Updated: 11/9/20 – 6:30 P.M.
TOMPKINS COUNTY, NY (WSKG) – In front of a stage with two long banners reading “Protect. Democracy”, over one hundred people gathered early Saturday afternoon on the Ithaca Commons.
What was planned before the election to be a rally in support of a complete vote count and peaceful transition, turned into a celebration.
Barely two hours before the scheduled start time, the Associated Press reported former Vice President Joe Biden had won in Pennsylvania and is the president-elect.
Rally organizers Joanna Green said there’s much more to be done beyond ensuring a peaceful transition.
“It’s not all about protecting our democracy,” said Green. “We also need to do a whole lot of work in the coming years to make sure we are building a truly equitable and just democracy.”
Green described a list of changes her coalition continues to work. They include police and public safety reforms, universal healthcare, and eradicating white supremacy, especially what she called the “violently-tending militias that are popping up around the country.”
Green said the rally’s organizers are committed to non-violent protest and a peaceful transition of power in Washington, D.C.
“All the good things that the progressive left has been working for for decades. And these things are not radical,” Green said. “These things are as American as apple pie. These things are the values that all of us hold dear if we stop and remember what we really care about — our families, our communities, and a fair shot for everybody.”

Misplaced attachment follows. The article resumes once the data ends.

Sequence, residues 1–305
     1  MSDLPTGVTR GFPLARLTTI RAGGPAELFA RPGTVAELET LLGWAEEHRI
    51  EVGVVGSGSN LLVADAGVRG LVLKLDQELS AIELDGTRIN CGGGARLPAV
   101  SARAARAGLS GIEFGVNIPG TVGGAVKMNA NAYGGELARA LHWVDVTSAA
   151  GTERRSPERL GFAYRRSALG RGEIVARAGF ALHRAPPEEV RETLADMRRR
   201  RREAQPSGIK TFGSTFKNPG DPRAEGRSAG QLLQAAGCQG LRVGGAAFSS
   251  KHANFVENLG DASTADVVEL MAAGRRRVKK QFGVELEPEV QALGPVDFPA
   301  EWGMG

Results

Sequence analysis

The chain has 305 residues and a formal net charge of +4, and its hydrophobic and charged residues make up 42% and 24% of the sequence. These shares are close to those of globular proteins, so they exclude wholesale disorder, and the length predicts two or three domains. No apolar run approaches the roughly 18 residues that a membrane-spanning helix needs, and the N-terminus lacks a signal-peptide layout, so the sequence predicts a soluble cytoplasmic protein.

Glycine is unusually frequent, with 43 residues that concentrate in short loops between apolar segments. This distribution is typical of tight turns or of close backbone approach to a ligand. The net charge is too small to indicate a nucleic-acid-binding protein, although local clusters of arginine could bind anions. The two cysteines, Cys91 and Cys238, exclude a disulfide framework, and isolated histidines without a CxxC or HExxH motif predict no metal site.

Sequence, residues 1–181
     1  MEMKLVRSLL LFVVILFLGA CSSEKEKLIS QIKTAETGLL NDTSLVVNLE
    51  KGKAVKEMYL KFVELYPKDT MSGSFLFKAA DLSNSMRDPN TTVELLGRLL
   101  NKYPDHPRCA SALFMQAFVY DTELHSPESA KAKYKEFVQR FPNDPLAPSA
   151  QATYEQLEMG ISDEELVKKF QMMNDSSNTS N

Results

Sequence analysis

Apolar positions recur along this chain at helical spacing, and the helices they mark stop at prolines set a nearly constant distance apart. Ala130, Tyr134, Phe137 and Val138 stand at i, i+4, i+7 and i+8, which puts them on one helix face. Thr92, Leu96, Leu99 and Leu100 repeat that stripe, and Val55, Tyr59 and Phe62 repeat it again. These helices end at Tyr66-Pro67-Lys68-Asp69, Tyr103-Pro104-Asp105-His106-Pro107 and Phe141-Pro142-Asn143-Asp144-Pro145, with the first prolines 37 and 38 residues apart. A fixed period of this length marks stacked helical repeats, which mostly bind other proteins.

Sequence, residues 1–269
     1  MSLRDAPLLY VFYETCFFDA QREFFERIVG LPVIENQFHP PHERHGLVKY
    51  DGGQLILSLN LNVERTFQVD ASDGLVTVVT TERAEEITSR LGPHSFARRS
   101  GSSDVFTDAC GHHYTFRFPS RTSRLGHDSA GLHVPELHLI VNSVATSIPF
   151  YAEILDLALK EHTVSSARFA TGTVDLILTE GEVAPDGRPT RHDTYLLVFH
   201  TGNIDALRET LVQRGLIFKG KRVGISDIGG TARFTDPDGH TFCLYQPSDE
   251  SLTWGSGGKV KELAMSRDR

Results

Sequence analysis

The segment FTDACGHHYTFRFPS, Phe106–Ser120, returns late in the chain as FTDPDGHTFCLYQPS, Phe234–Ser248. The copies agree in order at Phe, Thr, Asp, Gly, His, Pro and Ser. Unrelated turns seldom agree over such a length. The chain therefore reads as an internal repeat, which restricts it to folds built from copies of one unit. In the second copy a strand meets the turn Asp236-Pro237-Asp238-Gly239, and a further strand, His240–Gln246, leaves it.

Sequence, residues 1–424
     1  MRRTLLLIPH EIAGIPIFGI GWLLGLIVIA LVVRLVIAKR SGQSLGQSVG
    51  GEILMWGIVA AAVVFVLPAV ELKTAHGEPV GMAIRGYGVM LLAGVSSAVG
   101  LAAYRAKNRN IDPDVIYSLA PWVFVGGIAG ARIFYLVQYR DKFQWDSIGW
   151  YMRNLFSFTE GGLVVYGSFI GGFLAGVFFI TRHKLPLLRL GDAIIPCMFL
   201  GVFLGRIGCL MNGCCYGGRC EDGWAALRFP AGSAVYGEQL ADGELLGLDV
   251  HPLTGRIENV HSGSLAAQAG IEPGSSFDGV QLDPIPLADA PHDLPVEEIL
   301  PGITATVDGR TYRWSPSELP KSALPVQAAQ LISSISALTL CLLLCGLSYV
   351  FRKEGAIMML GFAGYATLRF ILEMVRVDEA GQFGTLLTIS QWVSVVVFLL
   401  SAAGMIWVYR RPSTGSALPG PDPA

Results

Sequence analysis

Thirteen-year-old Ruby Zawel attended the rally with her parents. Zawel was already looking past the election. She’s a member of the Sunrise Movement and wants the government to do more to fight climate change. She supports the Green New Deal.
“The Green New Deal is a plan for healthcare for all and to eradicate environmental racism and to fight against climate change. And I’m part of the movement because I know that as a 13 year old my future depends on the Green New Deal.”
Zawel was not alone in speaking about the election’s possible environmental consequences.
Dr. Sandra Steingraber, who’s an anti-fracking, environmental justice activist and Ithaca College professor, also spoke. Steingraber told the crowd there is a connection between climate justice and what she described as increased suppression of Black, brown and indigenous voters.
“The people who are hurt first and worst by the climate crisis, who are hurt most by toxic exposures to oil and gas extraction are not at the political table. Turning over that table is the work of climate justice,” said Steingraber.
Green, Zawel and others expressed varying concern about how President Trump and his supporters will react to Biden’s win.
Rep. Tom Reed (R-NY), an early and consistent supporter of the Trump, released a statement on Saturday afternoon stating that all votes should be “transparently counted.”
Reed’s statement ended, “However, out of respect and in deference to the moment, I extend my congratulations to President-elect Bid en [sic].”
Reed won re-election Tuesday. His district includes Ithaca.
Across the nation, vote counting continues. The counting of absentee ballots in New York began on Monday.**
*This story has been updated to more accurately reflect Biden’s position on the Green New Deal.
**This story has been updated to clarify the start of absentee ballot counting in New York.